Renishaw will attend the second annual International 3D Printing in Medicine Conference in Mainz, Germany on May 19th-20th. Renishaw will demonstrate the opportunities that additive manufacturing (AM) creates in craniomaxillofacial surgery, by exhibiting its bespoke implants and providing demonstrations of its new implant design software, Additive-manufacture for Design-led Efficient Patient Treatment (ADEPT).
Renishaw will demonstrate its expertise in patient specific implants (PSIs) for craniomaxillofacial applications, and explain the benefits of a digital workflow. On the Renishaw stand, visitors will be introduced to successful examples of where the company’s implant technology has been used to improve patient outcomes, including a recent case where Neurosurgeon Bartolomé Oliver, performed a craniotomy using parts manufactured on a Renishaw AM250 metal 3D printing machine. The company will also present further cases with work from surgeons Shakir Mustafa and Adrian Sugar.
During the conference, Renishaw will provide demonstrations of its new award-winning software package, ADEPT, which enables the widespread use of 3D printing to produce bespoke maxillofacial implants by overcoming the cost and efficiency barriers.
The collaborative project draws on the academic and industrial expertise of several UK partners; Renishaw, LPW Technology Ltd, the Abertawe Bro Morgannwg University Health Board and PDR located within Cardiff Metropolitan University.
“3D printing is a rapidly growing technology in many areas of medicine, as it has the potential to improve efficiency, accuracy and ease of customisation,” explained Ed Littlewood, Marketing Manager of Renishaw’s Medical and Dental Products Division.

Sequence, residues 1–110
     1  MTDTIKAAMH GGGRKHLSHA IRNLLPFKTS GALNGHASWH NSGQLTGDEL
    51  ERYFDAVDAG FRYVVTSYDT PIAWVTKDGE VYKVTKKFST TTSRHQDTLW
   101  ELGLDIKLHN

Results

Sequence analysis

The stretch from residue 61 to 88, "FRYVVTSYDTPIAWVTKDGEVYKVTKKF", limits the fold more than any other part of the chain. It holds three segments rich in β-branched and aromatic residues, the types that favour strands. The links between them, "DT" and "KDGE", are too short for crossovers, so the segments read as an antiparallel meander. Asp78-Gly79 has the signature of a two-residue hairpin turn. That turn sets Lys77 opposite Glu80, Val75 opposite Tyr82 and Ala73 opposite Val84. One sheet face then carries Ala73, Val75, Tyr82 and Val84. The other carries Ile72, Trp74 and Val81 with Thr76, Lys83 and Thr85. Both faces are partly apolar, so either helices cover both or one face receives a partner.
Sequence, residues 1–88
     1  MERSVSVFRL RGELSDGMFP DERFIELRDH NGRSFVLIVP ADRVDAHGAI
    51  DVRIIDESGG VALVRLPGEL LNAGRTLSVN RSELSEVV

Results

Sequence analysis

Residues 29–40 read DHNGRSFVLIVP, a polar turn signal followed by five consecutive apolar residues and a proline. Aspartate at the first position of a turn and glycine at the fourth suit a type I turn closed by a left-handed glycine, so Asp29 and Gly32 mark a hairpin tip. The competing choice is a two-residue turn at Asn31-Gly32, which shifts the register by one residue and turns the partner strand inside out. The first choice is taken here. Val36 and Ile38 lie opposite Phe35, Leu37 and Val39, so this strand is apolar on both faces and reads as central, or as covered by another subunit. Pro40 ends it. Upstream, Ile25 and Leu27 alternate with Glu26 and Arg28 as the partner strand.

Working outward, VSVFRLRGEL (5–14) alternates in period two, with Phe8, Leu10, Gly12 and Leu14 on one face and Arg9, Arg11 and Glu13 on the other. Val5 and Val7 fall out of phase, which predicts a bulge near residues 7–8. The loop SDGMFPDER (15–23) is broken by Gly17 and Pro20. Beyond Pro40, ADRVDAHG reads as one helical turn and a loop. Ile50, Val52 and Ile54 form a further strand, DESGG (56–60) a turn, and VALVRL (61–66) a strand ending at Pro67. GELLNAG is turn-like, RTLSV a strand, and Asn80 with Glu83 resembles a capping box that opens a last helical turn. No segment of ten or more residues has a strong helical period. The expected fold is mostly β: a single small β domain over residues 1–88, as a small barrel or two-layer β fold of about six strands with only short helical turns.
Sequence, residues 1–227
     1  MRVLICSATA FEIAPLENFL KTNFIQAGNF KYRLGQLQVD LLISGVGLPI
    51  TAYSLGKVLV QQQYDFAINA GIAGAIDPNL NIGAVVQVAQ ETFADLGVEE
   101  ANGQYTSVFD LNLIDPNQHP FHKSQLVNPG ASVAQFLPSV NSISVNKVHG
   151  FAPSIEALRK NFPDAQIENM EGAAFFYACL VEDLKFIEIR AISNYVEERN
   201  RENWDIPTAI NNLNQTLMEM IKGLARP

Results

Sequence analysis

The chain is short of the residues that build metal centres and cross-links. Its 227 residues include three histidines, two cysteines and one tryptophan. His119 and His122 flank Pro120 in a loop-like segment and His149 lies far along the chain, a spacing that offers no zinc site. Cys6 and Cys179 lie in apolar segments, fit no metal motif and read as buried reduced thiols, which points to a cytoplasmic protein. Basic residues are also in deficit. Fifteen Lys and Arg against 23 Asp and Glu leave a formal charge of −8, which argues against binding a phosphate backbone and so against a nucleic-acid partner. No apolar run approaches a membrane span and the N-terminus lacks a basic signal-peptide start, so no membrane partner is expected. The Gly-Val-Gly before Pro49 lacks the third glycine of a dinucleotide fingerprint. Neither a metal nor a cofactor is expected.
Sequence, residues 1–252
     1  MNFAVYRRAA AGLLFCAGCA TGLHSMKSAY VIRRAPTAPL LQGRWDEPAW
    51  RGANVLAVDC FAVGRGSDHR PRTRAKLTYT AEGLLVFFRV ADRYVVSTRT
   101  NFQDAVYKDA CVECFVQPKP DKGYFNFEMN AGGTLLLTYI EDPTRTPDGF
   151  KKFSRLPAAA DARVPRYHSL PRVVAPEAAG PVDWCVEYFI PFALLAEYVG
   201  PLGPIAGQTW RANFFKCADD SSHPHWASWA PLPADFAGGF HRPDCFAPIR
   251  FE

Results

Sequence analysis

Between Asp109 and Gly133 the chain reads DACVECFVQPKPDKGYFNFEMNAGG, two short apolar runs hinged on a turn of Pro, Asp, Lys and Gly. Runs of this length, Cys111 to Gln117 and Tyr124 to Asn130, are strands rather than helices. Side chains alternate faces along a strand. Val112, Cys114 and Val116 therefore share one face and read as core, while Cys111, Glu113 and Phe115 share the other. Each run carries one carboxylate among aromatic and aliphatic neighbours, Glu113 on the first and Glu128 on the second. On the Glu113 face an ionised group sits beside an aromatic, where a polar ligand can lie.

“Since we presented at the first annual conference last year, we have seen a growing interest and awareness of AM bespoke implants. This is something Renishaw hopes to build on at the 2017 conference.”
“AM patient specific implant technology offers benefits to the surgeon, hospital and most importantly the patient,” explained Amy Davey, Reconstructive Scientist at Southmead Hospital and Renishaw’s Medical and Dental Products Division. “The implants can have a positive impact on hospitals, by improving patient outcomes and speeding up surgery.
“Demonstrating successful cases of additively manufactured patient specific implants will help open the industry’s eyes to the potential of AM technology, increasing uptake and improving clinical outcomes.”
Visitors to the stand will also be introduced to the neuromate®, Renishaw’s commercially available neurorobot, which surgeons can use to decrease procedure time and increase safety in a number of neurosurgical procedures. Surgeons can program the robot to place devices accurately into the desired brain region.
The conference is set to be held at the Electoral Palace in Mainz and brings together physicians, materials scientists and engineers to present the results of their research in medical 3D printing and additive manufacturing.